5 Common Tax Return Mistakes to Know and Avoid

Tax return

The end of the financial year means its time to lodge your tax return. While you might’ve filed it many times before, there’s always something new to learn to ensure you’re maximising your refund (or offsetting your tax office payment).

Ahead, Mark Chapman, Director of Tax Communications at H&R Block, shares some of the common mistakes he sees people making when completing their tax returns, as well as what to do instead. Though some mistakes may seem obvious, they’re still worth noting so there’s no chance you make them.

Not Claiming Everything You’re Entitled to

As you probably know, you’re entitled to claim a deduction for any expense which you incurred in earning your income. So, if you have incurred a work-related expense, and you have the paperwork to prove it, you shouldn’t hesitate to claim it, says Chapman. He says clothing purchased as part of a mandatory work uniform, including handbags and briefcases you use for work, are often forgotten in claims.

“In saying that, there’s been a change in the way you can claim deductions this year,” he says. “From July 1, 2022, you can claim a 67 cent per hour fixed rate — the old 80 cents per hour ‘shortcut’ rate and the 52 cents per hour fixed rate have been abolished. Confusingly, the items covered by the new fixed rate have also changed.”

Working-from-home expenses now include energy expenses, like electricity and gas, for lighting, heating, and cooling, and electronic items like internet expenses and mobile phones, as well as stationary and computer consumables.

“Importantly, if you claim the fixed rate, you cannot claim separately for any of the expenses above, including mobile phone use,” says Chapman. “So, even if you use your mobile phone outside the home for visiting clients, on the road, even at your office, you cannot claim these costs.”

Overclaiming Deductions

As you likely know, too, you can only claim what you’ve spent. So, don’t inflate deductions in order to get a bigger refund and only claim for costs you can prove you spent, by producing an invoice, receipt or bank statement for instance, says Chapman.

“If your deduction claims are found to be incorrect, you will be required to repay the tax avoided, plus pay interest,” he says. “If the ATO believes that you have acted carelessly, a penalty between 25% and 95% of the tax avoided may also be charged.”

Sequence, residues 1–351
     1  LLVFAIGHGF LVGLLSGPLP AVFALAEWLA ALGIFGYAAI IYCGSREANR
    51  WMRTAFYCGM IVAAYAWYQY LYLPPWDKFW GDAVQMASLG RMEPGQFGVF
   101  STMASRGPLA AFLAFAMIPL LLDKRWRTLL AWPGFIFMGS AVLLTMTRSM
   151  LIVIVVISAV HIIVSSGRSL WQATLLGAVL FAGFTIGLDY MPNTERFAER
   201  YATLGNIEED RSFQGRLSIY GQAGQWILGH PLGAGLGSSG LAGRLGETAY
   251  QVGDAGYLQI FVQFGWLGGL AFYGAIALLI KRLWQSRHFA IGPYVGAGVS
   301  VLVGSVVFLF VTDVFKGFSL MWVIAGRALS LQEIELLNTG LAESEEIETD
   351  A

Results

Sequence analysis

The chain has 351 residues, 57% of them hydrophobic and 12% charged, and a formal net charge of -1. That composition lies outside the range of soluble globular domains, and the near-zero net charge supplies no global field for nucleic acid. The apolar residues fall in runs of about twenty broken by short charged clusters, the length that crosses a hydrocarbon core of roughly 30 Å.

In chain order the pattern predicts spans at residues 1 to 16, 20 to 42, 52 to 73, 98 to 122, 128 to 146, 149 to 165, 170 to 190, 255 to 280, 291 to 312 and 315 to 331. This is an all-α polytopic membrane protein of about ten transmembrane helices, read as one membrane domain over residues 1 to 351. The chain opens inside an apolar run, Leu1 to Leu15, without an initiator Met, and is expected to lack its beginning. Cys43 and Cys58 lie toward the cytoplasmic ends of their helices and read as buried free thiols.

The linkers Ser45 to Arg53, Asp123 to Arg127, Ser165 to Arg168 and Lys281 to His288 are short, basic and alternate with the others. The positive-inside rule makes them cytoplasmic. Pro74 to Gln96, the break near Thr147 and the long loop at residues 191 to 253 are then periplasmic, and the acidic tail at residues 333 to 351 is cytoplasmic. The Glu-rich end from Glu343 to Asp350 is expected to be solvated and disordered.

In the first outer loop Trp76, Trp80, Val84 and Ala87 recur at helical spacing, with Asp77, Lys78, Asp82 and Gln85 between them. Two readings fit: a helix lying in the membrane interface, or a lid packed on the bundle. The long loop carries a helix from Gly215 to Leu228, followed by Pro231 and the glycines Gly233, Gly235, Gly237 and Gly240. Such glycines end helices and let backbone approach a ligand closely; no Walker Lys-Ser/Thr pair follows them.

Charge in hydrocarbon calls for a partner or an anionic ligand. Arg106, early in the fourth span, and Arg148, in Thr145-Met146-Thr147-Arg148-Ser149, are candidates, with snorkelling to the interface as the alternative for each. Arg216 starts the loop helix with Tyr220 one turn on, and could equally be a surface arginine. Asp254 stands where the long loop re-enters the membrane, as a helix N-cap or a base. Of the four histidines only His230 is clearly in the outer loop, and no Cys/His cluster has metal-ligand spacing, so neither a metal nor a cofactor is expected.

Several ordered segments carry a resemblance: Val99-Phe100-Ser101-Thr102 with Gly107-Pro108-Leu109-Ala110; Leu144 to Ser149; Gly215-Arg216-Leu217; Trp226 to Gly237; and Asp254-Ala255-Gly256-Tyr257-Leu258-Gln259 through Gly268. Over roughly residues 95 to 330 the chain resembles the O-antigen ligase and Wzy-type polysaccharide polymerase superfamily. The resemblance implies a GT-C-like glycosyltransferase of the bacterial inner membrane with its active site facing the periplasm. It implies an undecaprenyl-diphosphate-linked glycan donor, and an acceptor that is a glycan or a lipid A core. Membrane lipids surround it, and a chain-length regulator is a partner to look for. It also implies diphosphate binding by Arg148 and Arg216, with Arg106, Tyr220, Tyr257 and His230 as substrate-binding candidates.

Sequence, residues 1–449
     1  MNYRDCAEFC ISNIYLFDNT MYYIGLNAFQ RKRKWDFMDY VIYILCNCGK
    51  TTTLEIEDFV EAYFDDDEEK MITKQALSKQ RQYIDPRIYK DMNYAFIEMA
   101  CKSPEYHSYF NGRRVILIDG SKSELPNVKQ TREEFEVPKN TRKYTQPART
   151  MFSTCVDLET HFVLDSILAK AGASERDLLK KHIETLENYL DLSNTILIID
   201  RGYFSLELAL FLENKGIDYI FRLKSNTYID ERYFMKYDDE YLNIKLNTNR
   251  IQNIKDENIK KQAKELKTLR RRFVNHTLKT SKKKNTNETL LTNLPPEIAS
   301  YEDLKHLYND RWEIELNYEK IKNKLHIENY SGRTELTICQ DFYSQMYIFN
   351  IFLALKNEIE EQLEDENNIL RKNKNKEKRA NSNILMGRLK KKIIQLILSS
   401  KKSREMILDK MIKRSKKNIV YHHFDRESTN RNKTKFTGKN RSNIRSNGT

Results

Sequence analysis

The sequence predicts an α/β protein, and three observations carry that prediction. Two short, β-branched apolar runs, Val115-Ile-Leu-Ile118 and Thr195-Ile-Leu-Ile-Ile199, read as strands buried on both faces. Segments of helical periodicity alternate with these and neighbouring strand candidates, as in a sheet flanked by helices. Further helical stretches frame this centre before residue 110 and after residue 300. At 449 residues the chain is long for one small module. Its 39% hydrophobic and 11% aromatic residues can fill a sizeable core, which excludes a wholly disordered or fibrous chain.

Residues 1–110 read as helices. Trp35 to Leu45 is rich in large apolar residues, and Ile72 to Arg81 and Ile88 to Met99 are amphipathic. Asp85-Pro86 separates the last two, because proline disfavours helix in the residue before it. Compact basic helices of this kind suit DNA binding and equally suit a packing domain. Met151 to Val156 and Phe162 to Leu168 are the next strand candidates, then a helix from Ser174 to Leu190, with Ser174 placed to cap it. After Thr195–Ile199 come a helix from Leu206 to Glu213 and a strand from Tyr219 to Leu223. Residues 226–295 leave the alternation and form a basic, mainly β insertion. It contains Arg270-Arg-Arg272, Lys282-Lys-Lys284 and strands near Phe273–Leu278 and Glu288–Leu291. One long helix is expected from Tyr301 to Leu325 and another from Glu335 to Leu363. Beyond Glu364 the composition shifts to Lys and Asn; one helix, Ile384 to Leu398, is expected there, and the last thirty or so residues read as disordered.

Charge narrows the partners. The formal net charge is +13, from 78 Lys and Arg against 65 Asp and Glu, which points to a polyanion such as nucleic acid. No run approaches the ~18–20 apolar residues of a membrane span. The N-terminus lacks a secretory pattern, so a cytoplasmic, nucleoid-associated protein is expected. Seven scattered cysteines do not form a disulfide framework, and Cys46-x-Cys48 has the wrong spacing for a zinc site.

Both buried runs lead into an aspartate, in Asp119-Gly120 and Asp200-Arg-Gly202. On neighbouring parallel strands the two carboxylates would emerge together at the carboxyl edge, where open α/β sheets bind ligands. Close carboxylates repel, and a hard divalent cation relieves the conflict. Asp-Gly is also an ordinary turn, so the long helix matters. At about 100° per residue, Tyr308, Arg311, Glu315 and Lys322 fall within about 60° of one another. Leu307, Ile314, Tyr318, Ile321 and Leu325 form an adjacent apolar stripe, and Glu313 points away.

Don’t Rely on Pre-Filled Data From the ATO

“These days, with the push of a button, you can pre-fill lots of your income information straight from the ATO’s systems,” says Chapman. “Some people assume that because the data comes from the ATO, it must be right. That’s a dangerous assumption, especially in July and early August.”

Instead, Chapman says, take care and don’t assume that income data is correct. Particularly if you are lodging early, always use your own information as the key source data.

Getting the Basics on the Form Wrong

Though this may seem obvious, don’t get the basics of your tax return wrong, as it could get held up by the ATO. Chapman says he’s seen that frequently happen.

“Name or address? Tell the ATO before you lodge your return,” he says. “If you lodge under different details, the ATO won’t be able to match it with your Tax File Number. Delays will ensue.”

Chapman says to also watch out for bank account details being correctly filled out, as well as not making spelling mistakes, like an accidental extra letter on your name.

Trying to Do Your Tax Return Yourself

Finally, it’s worth at least considering using a tax agent to prepare your tax return. They could make all the difference in your refund amount or ATO penalties.

“An experienced agent will usually be good at sniffing out those obscure tax deductions you didn’t know you could claim so they can often pay for themselves several times over — as the differing refunds sizes above show,” he says. “The tax agent’s fee is tax deductible.”

Related: A Finance Expert on the First Thing You Should Do With Your Tax Refund

Related: Work Smarter, Not Harder: How to Use ChatGPT to Make Money

Read more stories from The Latch and subscribe to our email newsletter.